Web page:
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The gender asymmetric effect of intimate partner violence on relationship satisfaction.

Abstract

Our research examined the association between intimate partner violence and relationship satisfaction among victims. The negative association between victimization and relationship satisfaction was substantially stronger for females than for males. Comparisons between respondents reporting about same-sex relationships with those reporting about opposite-sex relationships provided evidence that the amplified victimization/satisfaction association among female victims is a victim-gender effect rather than an actor-gender effect. In other words, our findings suggest that aggression harms the quality of the intimate partnerships of females much more so than the partnerships of males regardless of whether a male or a female is the perpetrator. We supplemented dialogue about the direct implications of our findings with discussions about how these results may raise conceptual questions about the adequacy of the instruments scholars use to study partner aggression.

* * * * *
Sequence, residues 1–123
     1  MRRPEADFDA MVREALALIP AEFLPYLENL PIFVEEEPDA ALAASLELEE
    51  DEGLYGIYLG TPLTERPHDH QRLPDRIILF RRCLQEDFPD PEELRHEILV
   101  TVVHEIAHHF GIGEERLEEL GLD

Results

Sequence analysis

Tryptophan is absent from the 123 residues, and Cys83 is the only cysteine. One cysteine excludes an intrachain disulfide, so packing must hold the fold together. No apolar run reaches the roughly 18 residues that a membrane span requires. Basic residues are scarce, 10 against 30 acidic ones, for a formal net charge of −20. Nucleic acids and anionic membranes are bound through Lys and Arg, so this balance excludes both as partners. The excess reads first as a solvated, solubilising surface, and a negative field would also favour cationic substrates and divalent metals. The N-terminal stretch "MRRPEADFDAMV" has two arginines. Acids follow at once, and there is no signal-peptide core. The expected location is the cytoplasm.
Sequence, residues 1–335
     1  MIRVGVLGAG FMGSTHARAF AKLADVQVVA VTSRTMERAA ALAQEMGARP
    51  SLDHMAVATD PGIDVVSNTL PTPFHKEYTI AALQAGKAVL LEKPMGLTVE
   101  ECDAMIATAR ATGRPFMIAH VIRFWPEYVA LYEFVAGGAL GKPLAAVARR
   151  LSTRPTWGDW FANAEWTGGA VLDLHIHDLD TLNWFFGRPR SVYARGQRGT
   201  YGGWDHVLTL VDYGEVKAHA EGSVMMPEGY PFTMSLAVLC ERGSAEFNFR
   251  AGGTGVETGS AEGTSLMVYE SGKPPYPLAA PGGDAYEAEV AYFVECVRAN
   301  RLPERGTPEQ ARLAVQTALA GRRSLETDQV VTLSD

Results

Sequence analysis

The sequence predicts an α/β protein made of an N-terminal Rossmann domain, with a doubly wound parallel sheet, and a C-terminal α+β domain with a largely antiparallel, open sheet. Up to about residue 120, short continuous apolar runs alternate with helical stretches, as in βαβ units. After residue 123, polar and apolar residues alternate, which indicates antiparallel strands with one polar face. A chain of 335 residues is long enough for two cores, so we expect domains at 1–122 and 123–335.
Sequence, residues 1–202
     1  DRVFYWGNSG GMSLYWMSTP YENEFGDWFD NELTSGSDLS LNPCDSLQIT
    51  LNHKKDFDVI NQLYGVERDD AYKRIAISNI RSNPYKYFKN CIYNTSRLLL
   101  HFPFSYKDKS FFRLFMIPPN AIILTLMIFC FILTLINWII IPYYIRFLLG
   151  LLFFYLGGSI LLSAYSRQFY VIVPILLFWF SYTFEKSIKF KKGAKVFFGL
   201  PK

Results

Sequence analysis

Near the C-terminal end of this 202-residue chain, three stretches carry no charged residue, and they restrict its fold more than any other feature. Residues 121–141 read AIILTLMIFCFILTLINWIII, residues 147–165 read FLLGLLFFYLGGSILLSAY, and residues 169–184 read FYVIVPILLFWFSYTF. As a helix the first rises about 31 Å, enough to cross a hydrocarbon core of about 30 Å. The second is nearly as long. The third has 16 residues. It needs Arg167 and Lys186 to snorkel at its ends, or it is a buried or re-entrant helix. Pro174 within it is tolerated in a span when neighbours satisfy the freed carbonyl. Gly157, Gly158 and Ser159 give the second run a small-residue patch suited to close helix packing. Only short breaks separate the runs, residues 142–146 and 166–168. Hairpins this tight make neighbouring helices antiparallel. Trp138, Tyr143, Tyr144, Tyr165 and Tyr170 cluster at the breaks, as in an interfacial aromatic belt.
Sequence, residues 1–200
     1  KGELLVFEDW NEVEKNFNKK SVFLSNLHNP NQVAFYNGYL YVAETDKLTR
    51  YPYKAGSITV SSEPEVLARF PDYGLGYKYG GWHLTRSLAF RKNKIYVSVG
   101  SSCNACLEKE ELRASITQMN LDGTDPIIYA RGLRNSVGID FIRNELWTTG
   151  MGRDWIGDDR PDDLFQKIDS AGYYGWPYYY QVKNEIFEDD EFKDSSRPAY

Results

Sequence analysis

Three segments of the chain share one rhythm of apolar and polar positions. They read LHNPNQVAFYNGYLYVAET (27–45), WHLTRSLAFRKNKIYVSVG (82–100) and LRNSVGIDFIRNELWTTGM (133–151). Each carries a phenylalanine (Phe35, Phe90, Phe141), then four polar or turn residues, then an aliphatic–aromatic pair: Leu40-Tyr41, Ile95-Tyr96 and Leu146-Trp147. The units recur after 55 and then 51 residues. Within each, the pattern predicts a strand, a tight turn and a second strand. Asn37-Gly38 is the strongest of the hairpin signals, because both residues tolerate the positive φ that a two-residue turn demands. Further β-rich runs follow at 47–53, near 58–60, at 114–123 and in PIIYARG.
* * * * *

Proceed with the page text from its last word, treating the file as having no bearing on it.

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  • Publisher Full Text
  • Authors

    Ackerman J, Field L

    Institution

    Department of Sociology, Texas A&M University, College Station, TX 77843, USA. jma2@tamu.edu

    Source

    Violence and victims 26:6 2011 pg 703-24

    MeSH

    Adult
    Aggression
    Attitude to Health
    Courtship
    Crime Victims
    Female
    Humans
    Interpersonal Relations
    Male
    Middle Aged
    Personal Satisfaction
    Questionnaires
    Sex Factors
    Spouse Abuse
    Young Adult

    Pub Type(s)

    Comparative Study
    Journal Article
    Research Support, N.I.H., Extramural
    Research Support, Non-U.S. Gov't

    Language

    eng

    PubMed ID

    22288091